ELECTED

Hamilton Holt to Speak on Frizzy Presides With Silver
Tongued Oratory
Declaration of

Spanish-America-

FEATURES III EXHIBIT

KENTUCKY'S FAIREST

j

(CoatlBued o

Page 2)

d

* THE KENTUCKY KERNEL

PAGE 2

STRAND

CONCERTS DAILY, AFTERNOON AND EVENING

STRAND ALE AMERICAN
ORCHESTRA

THE

"THE DEST ORCHESTRA

OPEN 10 A. M. TO 1 1 P. M.
Children, 9c plus lc war tax
AdulLs,$18c;pIu8 2c war tax

THE SOUTH"

IN

HOME OF

"ONLY THE DE3T IN MOVING PICTURES"

PERSONALS
AMATEUR NIGHT PROVES jPATT HALL
Miss Kate Woodruff, of Eminence,
wns the guest of Miss Lucy Holt for
the week-end- .
Miss Kathleen Hennlck was the
Riiest of Miss Margaret Harbison Satin rdny.
Miss Anna Mae Dawson spent the
week-enwith her parents in Cynthi-ana- .

KENTUCKY'S FAIREST
ELECTED 1Y ADMIRERS.

THE CLASSY PLACE
FOR THE COLLEGE STUDENTS

j

IT

PARAMOUNT, ARTCRAFT, GOLD-WYAND SELECT PICTURES

(Continued From Pago 1)

I

Miss Conncll Is Awarded

j

Prize; Original Skit
Also Wins

.On Hnllowo'en night students and
faculty members of the University enjoyed, In spite of the Inclement weather, one of the best amateur performances ever presented by the Stroller
organization, In the opinion of Judges
and officials.
On the program were those chosen
Wednesday and Thursat the
selec
day afternoons from thirty-threIntions?, Including nearly seventy-fiv- e
dividuals. This was the greatest number of applicants the Strollers have
ever had. Four Individual and three
t
skits composed the program,
try-out- s

j

e

onn-ac-

as follows:
"The Prodigal Son," Luctle Moore;
"A Lesson In Hypnotism," John Head,
assisted by Albert Shreves; "The Romance of a Hammock," Virginia GrifProgram,"
fith; "The
Jane Bell, Sara Metcalf Piper, Eugenia
Young, Martha McClure, Emma Lee
Young, Catherine Tucker, Anna Bell
Hall; "Who's Afraid," Louise Connell;
"The Gazelle and Swan," Katherino
Reed; "How the Ham Saved the
Homestead," Jane Gregory and Clari-be- l
Kay, Brooks ("Tubby") Jewett,
Frank Widekemper, George Oldham
and J. W. Selph.
Miss Louise Connell, of Paris, a
freshman in the College of Arts and
Science was awarded the prize for the
most clever individual selection and
"How the Ham Saved the Homestead"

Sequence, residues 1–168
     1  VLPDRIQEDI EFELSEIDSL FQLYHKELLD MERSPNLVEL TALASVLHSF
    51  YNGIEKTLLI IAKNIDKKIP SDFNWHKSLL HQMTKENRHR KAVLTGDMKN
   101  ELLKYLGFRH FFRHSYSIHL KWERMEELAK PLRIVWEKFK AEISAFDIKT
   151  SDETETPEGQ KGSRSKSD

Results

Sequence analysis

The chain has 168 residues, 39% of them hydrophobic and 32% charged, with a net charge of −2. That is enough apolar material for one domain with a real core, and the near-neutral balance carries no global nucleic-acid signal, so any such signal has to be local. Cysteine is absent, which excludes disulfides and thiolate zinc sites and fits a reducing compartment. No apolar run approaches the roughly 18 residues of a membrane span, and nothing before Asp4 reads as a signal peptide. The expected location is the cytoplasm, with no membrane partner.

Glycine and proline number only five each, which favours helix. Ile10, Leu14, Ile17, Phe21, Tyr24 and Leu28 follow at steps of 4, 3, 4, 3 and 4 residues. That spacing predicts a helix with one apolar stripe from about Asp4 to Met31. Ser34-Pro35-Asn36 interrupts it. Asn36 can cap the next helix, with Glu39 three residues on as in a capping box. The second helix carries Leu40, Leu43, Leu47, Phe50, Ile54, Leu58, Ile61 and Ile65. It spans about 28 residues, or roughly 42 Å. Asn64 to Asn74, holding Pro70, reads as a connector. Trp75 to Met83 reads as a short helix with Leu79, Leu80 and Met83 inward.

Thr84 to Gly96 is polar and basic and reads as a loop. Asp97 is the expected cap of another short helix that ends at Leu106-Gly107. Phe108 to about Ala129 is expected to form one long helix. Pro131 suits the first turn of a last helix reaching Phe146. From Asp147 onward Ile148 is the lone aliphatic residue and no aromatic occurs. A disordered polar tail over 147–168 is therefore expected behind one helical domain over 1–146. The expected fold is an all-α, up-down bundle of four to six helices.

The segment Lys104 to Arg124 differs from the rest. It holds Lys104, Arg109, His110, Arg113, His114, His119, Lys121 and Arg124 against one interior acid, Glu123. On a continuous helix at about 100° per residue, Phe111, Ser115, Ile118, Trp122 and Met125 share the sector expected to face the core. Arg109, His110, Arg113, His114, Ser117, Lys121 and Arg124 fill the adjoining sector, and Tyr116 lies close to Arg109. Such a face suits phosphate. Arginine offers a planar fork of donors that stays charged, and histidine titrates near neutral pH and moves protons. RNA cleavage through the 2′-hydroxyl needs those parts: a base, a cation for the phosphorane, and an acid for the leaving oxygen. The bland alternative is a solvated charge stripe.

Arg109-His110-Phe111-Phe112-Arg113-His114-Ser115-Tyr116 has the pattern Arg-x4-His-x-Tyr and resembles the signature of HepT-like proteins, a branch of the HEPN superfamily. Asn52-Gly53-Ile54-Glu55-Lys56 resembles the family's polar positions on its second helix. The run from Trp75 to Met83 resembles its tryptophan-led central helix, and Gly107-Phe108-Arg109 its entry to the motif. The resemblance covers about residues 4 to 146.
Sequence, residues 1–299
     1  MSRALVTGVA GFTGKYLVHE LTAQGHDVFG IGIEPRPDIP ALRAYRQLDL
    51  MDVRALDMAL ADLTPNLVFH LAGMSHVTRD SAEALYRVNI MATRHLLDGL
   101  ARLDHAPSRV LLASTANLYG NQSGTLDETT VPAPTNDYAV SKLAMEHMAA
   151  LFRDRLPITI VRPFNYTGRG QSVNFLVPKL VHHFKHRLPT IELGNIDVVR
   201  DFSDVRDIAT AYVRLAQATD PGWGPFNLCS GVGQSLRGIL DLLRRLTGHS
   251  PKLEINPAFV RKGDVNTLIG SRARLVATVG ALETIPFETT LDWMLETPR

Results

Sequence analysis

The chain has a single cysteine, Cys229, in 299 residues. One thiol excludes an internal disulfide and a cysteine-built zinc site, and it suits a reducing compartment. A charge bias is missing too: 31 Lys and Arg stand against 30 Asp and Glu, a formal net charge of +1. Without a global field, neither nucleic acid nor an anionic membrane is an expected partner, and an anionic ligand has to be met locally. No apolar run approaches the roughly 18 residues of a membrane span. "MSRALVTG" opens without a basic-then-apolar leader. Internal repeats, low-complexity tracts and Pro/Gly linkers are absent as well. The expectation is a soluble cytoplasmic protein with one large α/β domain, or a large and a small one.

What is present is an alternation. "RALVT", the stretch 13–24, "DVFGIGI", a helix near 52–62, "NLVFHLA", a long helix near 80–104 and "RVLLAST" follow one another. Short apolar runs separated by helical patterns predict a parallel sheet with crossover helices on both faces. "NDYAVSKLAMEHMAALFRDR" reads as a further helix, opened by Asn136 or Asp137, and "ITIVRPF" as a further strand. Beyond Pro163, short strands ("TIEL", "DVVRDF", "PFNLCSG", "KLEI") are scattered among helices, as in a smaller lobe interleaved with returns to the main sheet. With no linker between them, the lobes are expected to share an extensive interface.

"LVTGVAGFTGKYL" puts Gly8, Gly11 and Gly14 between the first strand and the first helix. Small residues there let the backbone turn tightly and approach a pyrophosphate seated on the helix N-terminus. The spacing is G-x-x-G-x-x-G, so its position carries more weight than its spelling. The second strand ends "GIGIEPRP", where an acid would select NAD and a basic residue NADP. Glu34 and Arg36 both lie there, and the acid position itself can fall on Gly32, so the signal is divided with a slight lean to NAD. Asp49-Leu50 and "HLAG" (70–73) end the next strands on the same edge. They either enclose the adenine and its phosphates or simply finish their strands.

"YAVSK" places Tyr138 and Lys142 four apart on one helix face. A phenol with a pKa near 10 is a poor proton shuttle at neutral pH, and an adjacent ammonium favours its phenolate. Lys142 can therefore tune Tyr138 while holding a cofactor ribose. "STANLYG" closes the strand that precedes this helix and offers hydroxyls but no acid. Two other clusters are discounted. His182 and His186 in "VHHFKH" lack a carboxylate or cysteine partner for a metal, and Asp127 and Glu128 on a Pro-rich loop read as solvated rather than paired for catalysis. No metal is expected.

received the prize for the best one-ac- t
play. This playlet was written several
years ago by Bill Shlnnick and revised
for this presentation by Mary Turner.
'
After the amateur performance the
students and their friends were entertained at a party and dance in the
Gymnasium Building by the faculty,
assisted by the Y. M. C. A., and the
Y. W. C. A. Buel Armory was U3ed
for dancing, and in the gymnasium
which was lighted by pumpkin lanterns
and gay with black and yellow fesbooths and
toons, were fortune-tellinother attractions befitting the occasion.
The second floor was also decorated and hot chocolate and oughnuts

week-end-

WARREN BROS.

Martha McClure last week-end- .
Miss Hallie K. Frye spent the weekend with her parents at Waddy.
Misses Anna Brackett Owen, Martha
Buckman and Gertrude Wallingford
attended the wedding of Miss Florence
Johnson and Mr. Bradley Bowen at
Lancaster, Saturday.
The whole evening was

were served.

a delightful affair to all attending and
wa3 one of the most successful ama-

teur nights the Strollers have ever
A meeting will be held next week at
which time the name of those admitted as members of the Strollers
will be given out.

592

Established
1899

"

Records
Musical Instruments
Player Rolls
Sheet Music

The E. C. Christian Music Co.

205-20-

7

PHOENIX FRUIT STORE
FOR FRUITS, CANDIES, NUTS

PHOENIX BLOCK
Now is the time to have your Fall Suits and
Overcoats Cleaned and Pressed.